NEW YORK, NY APRIL 19, 2013 Maximizing patient safety is the top priority for hospital C-Suite executives and Risk Managers in the United States but, "lack of teamwork, negative culture and poor communication" will present barriers to patient safety in the future according to a new survey commissioned by American International Group (AIG) in consultation with patient safety expert, Dr. Marty Makary, MD, MPH.
The results revealed a tension between what hospital leaders perceive as their number one priority in 2013, patient safety (64% C-Suite and 62% risk managers), and their number one threat, failing to maximize financial sustainability (60% C-Suite and 62% Risk Managers). While nearly all respondents (96% of C-Suite and Risk Managers) say their hospital has a "culture of patient safety," one-third (33% of C-suite and 37% of Risk Managers) acknowledge that their hospital needs to undergo major changes to maintain that culture in the future.
"This study is designed to better understand what drives patient safety, the barriers our healthcare system must overcome to achieve it, and what can be done to help keep hospitals safer over the next three to five years," said Russell Johnston, Casualty Product Line Executive, AIG U.S. and Canada.
A majority of respondents said the largest barrier to patient safety is lack of teamwork, negative culture and poor communication (42% C-Suite; 55% Risk Managers). The main communication and coordination problems cited include:
Who "Owns" Patient Safety?
The study also revealed inconsistent perceptions of who is "responsible for" patient safety and who "owns" it. Virtually all hospital executives (98% of both C-Suite executives and Risk Managers) agree that "every staff member in my hospital is responsible for patient safety." But half of both C-Suite executives and Risk Managers (52% and 51%, respectively) believe that nurses "own" it. Interestingly, executives see nursing staff turnover as one of the least influential items on overall hospital risk, including patient safety, regardless of the fact that they place the onus of patient safety on nurses.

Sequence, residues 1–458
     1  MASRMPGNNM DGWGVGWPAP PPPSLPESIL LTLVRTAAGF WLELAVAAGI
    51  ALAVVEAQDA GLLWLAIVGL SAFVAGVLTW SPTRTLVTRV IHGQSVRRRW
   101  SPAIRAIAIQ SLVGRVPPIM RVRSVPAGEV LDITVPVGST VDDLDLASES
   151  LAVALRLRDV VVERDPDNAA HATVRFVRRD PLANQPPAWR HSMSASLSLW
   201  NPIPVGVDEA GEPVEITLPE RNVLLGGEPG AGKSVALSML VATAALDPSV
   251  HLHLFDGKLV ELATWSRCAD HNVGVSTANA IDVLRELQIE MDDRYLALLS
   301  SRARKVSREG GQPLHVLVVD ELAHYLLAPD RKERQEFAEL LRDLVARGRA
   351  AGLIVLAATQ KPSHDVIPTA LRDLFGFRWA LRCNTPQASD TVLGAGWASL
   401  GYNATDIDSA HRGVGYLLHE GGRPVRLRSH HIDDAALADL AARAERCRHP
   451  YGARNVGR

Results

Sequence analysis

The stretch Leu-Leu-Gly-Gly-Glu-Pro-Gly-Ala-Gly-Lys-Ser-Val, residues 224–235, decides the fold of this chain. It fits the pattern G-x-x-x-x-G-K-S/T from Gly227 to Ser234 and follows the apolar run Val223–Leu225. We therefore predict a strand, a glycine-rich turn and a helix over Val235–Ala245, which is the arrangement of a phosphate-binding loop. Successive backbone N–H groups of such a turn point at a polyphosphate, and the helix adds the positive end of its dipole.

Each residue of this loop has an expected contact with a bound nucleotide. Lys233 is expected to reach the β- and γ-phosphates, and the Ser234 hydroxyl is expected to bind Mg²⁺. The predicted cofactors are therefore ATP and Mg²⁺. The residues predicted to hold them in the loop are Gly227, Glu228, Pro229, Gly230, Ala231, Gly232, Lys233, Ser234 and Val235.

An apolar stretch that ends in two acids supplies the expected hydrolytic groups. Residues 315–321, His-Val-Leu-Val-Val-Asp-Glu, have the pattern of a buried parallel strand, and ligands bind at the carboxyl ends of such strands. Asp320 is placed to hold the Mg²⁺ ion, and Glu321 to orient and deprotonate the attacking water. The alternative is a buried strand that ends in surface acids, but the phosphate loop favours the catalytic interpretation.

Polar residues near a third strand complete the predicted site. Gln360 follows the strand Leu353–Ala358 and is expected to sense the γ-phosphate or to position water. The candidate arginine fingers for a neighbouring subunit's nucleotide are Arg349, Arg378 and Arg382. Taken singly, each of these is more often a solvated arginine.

Technology, Regulation, and Metrics
Further complicating the situation, the introduction of new technology, regulation, metrics, and patient education aimed at helping patient safety are sometimes perceived has having the opposite effect:
AIG's commitment to prevention from Loss Prevention consulting in hospitals to Pre-Injury Consulting with workers' compensation clients, uses these and other data-driven insights to better understand and ultimately improve healthcare outcomes for patients and hospitals.
"Given that nearly half of every dollar spent on healthcare costs is related to a medical error, improvements in patient safety will provide a quick return on investment," said Emily Rhinehart, RN, MPH Vice President and Division Manager for Healthcare Risk Consulting, AIG.
AIG insures over 2,000 hospitals worldwide, employs more than 250 full-time doctors and nurses, and provides workers' compensation insurance in the United States, through employers, to nearly 10 million employees.
"When insurers work to understand and improve overall healthcare outcomes, it results in patients who: experience less pain, quicker recovery time, and fewer medical complications; return to their family and to work sooner; and are prescribed the right amount and type of medication, for the right amount of time," said AIG Casualty's Russell Johnston. "Prevention doesn't cost. It pays."
|Contact: Matt Gallagher|
Edelman Public Relations